You could file suit against the airline if what they did amounted to an actionable claim. Depending on the details of what actually happened, you might have a claim against the airline for intentional infliction of emotional distress or negligent infliction of emotional distress, among others. The larger question, though, is whether or not your claim is viable. In Massachusetts, punitive damages are awarded only in very limited circumstances. In most cases, the amount of compensation you could receive is limited to the harm you actually suffered. So unless the airline did something really egregious, your damages are not likely to be very high. Many lawyers would hesitate to take a case with small damages on a contingency fee basis because the cost of pursuing the claim would be more than they could hope to recoup in fees. That said, you could try to pursue a case in small claims court on your own, though there are limits to how much money you can obtain in small claims court. The small claims process is fairly informal, so that people can proceed on their own. You should consult a lawyer before you decide how to proceed, because the viability of your claim is really dependent on the specific details of your case. Many lawyers do not charge for an initial consultation. If you are not sure, ask the lawyer up front whether that first consultation will be free. Good luck!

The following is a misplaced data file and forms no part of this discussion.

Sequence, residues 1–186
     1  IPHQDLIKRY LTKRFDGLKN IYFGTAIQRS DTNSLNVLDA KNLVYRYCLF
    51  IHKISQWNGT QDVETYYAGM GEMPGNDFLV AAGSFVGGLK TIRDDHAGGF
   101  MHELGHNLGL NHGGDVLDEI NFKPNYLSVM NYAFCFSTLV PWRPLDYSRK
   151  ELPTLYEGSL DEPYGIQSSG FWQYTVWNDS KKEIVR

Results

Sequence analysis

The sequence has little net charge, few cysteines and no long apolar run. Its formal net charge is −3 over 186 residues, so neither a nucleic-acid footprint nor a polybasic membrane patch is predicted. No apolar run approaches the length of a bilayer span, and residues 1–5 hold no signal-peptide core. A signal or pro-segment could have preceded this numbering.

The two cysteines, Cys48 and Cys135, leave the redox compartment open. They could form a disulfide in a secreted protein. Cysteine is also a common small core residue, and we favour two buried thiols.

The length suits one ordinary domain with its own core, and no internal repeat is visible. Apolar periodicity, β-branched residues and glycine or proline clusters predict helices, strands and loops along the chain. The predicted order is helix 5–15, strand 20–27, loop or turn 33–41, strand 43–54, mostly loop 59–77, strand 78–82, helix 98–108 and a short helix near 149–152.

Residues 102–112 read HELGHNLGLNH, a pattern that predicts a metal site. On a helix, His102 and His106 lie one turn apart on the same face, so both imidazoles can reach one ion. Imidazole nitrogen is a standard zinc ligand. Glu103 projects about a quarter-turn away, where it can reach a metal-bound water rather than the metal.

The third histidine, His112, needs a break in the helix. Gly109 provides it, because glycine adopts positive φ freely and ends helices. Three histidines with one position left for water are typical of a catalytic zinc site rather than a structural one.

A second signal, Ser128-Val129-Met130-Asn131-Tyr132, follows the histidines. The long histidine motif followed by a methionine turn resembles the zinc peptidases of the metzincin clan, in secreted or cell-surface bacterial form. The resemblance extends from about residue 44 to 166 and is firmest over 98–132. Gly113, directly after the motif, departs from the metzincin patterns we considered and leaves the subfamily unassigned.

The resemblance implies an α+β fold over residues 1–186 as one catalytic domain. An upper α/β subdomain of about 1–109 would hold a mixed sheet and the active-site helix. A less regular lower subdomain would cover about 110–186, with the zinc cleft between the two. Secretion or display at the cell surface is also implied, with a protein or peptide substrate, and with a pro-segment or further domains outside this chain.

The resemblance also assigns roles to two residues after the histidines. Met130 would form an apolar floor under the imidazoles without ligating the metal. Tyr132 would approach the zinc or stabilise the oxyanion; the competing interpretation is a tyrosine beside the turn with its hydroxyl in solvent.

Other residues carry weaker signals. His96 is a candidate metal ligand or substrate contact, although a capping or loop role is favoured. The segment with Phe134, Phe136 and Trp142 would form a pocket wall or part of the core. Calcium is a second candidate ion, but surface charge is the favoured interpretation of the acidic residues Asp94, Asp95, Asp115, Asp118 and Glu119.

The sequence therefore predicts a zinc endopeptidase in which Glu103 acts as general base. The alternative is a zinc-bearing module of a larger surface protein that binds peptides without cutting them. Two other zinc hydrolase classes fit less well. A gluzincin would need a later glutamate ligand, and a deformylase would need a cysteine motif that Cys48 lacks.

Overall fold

As a practical matter. No lawyer would represent you on a contingency fee basis. Your damages are too small to make it worth getting a lawyer involved. You could certainly send a claim letter directly to the airline. However, the overwhelming likelihood is that you will not get any satisfaction.
Sign up to receive a 3-part series of useful information and advice about personal injury law.